Our rations were a slice of black bread and soup. Although the soup resembled dishwater, we were glad to have it. Sometimes we would also get imitation coffee, which was really brown water. We were in the women’s camp, where some of the women worked outside in the fields, but neither Hania nor I worked. Occasionally one of the women would smuggle in a potato, turnip or radish, but if anyone were caught the punishment was very severe, usually death. On one occasion Aunt Dora brought us a potato.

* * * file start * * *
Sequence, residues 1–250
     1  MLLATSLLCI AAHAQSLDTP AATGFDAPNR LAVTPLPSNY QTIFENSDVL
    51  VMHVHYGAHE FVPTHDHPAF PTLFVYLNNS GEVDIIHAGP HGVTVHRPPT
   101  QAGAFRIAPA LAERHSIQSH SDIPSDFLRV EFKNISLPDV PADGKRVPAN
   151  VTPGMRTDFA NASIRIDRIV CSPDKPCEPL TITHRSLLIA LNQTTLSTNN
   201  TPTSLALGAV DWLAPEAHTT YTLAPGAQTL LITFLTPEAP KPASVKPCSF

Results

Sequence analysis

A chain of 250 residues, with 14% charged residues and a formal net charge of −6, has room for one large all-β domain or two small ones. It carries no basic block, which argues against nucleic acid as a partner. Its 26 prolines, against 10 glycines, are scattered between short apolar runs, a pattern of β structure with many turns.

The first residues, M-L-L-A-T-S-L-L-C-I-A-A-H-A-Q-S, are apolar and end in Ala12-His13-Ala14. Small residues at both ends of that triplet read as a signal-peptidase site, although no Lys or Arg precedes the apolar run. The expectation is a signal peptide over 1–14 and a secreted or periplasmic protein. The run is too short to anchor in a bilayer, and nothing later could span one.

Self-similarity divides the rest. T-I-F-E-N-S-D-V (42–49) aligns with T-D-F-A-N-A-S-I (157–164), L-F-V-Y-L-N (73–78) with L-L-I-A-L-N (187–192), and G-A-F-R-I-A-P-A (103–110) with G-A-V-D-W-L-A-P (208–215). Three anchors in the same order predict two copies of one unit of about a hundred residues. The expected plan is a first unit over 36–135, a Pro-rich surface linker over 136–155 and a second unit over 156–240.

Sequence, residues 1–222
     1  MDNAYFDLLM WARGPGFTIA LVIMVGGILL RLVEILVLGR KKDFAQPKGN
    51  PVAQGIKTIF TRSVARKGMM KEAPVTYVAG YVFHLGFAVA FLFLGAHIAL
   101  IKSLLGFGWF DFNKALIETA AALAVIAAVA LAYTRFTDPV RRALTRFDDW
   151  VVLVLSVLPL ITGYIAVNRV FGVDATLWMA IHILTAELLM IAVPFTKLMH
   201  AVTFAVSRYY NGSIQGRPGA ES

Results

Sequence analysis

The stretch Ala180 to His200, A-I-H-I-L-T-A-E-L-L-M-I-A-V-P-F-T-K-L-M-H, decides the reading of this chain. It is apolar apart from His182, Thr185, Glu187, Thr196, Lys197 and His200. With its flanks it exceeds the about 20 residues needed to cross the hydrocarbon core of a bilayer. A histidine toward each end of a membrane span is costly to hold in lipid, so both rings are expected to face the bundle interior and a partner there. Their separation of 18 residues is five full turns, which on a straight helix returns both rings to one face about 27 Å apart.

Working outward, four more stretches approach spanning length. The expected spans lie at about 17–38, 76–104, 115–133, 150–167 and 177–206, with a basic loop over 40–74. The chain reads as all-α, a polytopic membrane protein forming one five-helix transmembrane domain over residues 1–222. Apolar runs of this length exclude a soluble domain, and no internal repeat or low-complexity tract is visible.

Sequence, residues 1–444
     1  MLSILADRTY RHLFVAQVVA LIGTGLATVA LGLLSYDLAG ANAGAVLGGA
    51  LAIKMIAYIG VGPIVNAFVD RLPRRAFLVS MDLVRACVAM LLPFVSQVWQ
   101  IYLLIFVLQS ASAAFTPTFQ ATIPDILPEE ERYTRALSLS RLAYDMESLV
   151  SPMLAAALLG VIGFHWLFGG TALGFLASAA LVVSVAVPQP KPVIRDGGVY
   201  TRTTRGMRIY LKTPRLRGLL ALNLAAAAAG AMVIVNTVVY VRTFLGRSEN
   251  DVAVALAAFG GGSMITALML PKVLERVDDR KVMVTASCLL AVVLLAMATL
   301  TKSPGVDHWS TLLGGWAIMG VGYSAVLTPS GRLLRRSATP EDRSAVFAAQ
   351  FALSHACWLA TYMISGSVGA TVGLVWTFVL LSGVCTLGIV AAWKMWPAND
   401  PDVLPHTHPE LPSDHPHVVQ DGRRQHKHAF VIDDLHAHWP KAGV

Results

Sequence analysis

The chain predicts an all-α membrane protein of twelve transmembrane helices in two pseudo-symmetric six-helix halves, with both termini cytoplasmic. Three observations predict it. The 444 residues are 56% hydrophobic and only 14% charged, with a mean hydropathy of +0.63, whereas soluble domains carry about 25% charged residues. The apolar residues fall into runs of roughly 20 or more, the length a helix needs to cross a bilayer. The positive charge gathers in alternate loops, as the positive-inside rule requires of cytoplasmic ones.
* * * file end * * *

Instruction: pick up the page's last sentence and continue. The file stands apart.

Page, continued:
After about two and a half months, as the Russian Army approached, although at the time we knew nothing of this, we were again put into cattle trucks to travel to another concentration camp, Bergen-Belsen. When we arrived there was no room for us inside, so we were put up overnight in a large tent on bare ground, along with hundreds of other people of all ages and nationalities. There was only space to sit, lying down was not an option. My worldly possessions – a comb, a piece of bread and a hankie – were in a little bundle, which was very important to me. Somehow during the night, even in this sitting position on freezing ground, I managed to fall asleep. When I awoke, my bundle was gone! The next morning we entered the main camp, where we found total chaos. There was a terrible smell and a sort of smog hanging over everything, the barracks were grossly overcrowded, sanitation was in the form of open pits, and there was hardly any food. People walked around like zombies and looked like skeletons; there were piles of dead bodies lying around everywhere. Typhus was rife and there was an air of utter hopelessness. The degradation, humiliation and despair were clearly visible on people’s faces. You could be speaking to someone and she would literally drop dead in front of you.